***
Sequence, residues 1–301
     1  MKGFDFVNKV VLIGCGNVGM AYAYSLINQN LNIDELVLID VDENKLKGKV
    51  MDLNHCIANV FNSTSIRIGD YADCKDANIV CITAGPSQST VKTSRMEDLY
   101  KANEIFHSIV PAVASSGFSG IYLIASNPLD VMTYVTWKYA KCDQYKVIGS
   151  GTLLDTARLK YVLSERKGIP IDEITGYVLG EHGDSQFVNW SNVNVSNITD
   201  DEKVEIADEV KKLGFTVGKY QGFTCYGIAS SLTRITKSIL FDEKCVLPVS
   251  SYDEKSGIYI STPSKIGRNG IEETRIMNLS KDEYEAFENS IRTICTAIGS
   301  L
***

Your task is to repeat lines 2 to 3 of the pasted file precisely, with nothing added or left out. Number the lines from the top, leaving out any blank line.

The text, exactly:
     1  MKGFDFVNKV VLIGCGNVGM AYAYSLINQN LNIDELVLID VDENKLKGKV
    51  MDLNHCIANV FNSTSIRIGD YADCKDANIV CITAGPSQST VKTSRMEDLY